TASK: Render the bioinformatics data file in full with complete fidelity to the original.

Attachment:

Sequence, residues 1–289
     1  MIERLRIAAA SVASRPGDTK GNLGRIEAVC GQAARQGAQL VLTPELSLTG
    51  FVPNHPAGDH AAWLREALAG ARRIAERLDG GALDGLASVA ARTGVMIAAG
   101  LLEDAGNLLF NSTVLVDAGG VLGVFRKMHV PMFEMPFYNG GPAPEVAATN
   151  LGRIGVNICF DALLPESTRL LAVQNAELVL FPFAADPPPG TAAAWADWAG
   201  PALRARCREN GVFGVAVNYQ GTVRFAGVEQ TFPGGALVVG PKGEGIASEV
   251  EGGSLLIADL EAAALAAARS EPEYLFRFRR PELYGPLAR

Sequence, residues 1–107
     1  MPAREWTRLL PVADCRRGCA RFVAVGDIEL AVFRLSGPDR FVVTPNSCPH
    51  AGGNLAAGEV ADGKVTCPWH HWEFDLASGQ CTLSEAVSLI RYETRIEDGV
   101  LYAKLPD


Sequence, residues 1–289
     1  MIERLRIAAA SVASRPGDTK GNLGRIEAVC GQAARQGAQL VLTPELSLTG
    51  FVPNHPAGDH AAWLREALAG ARRIAERLDG GALDGLASVA ARTGVMIAAG
   101  LLEDAGNLLF NSTVLVDAGG VLGVFRKMHV PMFEMPFYNG GPAPEVAATN
   151  LGRIGVNICF DALLPESTRL LAVQNAELVL FPFAADPPPG TAAAWADWAG
   201  PALRARCREN GVFGVAVNYQ GTVRFAGVEQ TFPGGALVVG PKGEGIASEV
   251  EGGSLLIADL EAAALAAARS EPEYLFRFRR PELYGPLAR

Sequence, residues 1–107
     1  MPAREWTRLL PVADCRRGCA RFVAVGDIEL AVFRLSGPDR FVVTPNSCPH
    51  AGGNLAAGEV ADGKVTCPWH HWEFDLASGQ CTLSEAVSLI RYETRIEDGV
   101  LYAKLPD